Norfolk Junior "Fuzzy" Best has been waiting on death row at Central Prison in Raleigh for 21 years.
In 1993, a jury convicted the now 59-year-old black man of murdering an elderly white couple in their Whiteville home.
An artery in 82-year-old Leslie Baldwin's neck was cut. His 79-year-old wife, Gertrude, died of blunt-force trauma to the head.
Money was missing from his wallet and her purse.
The state said Best's fingerprint was on a paring knife found beside the man's body and that his DNA matched a semen sample taken from the woman.
But now, attorneys representing Best are asking for a new trial. They made their case in a motion for relief filed in January in Bladen County Superior Court, where Best was tried.
They said documents that had been hidden in the state's files shows prosecutors concealed evidence, presented "bogus" DNA results and misdirected the jury regarding the time of death.
After being appointed to Best's case in 2010, Raleigh attorneys Michael Unti and Sharon Smith received evidence they said had never been made available to the defense: lab notes from forensic examiners at the State Bureau of Investigation, as well as the Whiteville Police Department's investigative file, which included information about alternate suspects.
Much of the physical evidence in the case, including clothes the Baldwins wore when they were killed, was found in the attic of Whiteville city hall. None of the biological evidence had been properly preserved, according to the motion.
"I was astonished to tell you the truth," Unti said about learning evidence was being stored in the attic.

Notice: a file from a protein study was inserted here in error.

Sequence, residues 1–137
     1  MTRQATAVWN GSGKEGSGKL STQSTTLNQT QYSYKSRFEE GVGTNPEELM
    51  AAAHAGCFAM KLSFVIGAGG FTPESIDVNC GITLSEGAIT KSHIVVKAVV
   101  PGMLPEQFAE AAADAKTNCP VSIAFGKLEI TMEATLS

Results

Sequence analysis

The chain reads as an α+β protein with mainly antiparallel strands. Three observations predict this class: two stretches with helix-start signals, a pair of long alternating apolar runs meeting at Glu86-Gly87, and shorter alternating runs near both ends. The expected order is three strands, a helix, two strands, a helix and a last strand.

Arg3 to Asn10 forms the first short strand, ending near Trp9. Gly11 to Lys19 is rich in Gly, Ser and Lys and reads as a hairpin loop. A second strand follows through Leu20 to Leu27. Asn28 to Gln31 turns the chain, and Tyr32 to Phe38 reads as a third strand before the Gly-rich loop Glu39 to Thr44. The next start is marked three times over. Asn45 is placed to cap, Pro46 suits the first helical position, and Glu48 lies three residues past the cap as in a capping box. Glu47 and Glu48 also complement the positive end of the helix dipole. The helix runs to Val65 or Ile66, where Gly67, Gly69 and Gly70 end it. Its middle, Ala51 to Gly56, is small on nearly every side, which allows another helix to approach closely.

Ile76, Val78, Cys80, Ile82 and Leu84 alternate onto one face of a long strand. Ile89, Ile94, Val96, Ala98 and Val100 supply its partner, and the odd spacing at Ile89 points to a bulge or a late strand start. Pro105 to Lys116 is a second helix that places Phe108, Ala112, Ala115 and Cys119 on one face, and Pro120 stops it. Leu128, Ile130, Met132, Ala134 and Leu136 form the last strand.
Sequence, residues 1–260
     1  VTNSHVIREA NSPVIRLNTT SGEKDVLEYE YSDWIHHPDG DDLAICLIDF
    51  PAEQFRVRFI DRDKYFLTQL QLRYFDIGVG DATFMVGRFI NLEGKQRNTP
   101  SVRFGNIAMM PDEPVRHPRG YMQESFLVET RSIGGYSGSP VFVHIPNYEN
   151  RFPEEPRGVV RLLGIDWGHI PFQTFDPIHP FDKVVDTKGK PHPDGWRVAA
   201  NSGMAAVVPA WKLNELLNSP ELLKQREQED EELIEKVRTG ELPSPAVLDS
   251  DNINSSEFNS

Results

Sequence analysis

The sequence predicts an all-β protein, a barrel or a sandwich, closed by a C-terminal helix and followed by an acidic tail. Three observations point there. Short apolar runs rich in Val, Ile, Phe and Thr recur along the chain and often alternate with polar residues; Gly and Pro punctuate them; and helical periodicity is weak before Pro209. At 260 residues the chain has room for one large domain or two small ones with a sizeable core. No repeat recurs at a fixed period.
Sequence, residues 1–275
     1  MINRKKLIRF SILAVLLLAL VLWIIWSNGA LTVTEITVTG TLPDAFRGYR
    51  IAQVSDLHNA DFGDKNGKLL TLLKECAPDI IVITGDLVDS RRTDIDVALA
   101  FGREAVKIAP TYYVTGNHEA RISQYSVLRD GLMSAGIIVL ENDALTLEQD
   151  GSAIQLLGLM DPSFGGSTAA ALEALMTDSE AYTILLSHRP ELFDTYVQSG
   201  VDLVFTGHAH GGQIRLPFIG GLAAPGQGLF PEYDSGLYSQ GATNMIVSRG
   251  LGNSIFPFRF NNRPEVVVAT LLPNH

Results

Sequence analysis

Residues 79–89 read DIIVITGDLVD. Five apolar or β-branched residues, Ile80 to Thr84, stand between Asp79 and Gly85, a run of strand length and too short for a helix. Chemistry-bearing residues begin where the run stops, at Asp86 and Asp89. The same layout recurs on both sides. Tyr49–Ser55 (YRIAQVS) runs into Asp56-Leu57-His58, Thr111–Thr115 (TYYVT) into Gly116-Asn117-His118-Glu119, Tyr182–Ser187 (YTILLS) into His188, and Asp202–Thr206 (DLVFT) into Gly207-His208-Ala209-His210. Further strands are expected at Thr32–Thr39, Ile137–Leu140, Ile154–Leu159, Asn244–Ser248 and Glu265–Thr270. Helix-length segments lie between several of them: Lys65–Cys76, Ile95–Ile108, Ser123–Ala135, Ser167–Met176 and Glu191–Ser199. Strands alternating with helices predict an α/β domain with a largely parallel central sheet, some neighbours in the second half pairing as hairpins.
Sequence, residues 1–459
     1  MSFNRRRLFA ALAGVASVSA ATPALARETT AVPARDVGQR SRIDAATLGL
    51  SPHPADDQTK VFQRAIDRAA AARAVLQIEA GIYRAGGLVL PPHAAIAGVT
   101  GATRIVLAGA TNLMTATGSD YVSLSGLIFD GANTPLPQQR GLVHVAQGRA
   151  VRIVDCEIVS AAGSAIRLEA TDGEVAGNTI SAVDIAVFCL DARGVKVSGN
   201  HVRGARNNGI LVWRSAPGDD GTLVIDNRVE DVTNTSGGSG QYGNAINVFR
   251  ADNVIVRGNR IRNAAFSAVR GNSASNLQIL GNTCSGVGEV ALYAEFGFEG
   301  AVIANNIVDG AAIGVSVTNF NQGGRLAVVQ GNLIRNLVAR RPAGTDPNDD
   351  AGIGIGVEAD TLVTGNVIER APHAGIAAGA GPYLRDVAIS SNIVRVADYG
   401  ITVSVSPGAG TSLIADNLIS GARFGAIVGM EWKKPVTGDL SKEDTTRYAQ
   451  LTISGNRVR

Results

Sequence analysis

During the trial, prosecutors insisted the Baldwins were killed between 10:30 p.m. Saturday, Nov. 30, 1991 and 1 a.m. Sunday, Dec. 1. But the motion alleges the state knew the condition of the bodies made that time of death impossible.
Unti and Smith claim the state concealed evidence that one of two white suspects in the case was seen lurking around the Baldwin's home at a time consistent with the actual time of death and that unidentified Caucasian hairs were found at the crime scene and on the victims' bodies.
Best's attorneys said despite the lack of evidence tying him to the crime, their client became the target of the investigation when investigators learned he had done yard work for the Baldwins.
"Once focused on Best, law enforcement ignored key evidence pointing to other suspects and the prosecution opposed all efforts by defense counsel to obtain full discovery," the motion states.
Unti and Smith say the defense and the jury were unaware that two other suspects reportedly confessed to involvement in the killings and that a key prosecution witness had given contradictory statements to police regarding how much money Best had in his possession.
The state denied Best's appeal in 1998. Later that year, he filed a Petition for Writ of Habeas Corpus in U.S. District Court. Those proceedings have been stalled since 2002 pending resolution of Best's claims that he is exempt from the death penalty on account of mental retardation.
Unti said a Superior Court judge will determine if the claims outlined in the motion for relief warrant a hearing.
Neither Whiteville Police Chief Jeff Rosier nor District Attorney Jon David responded to requests for comment.
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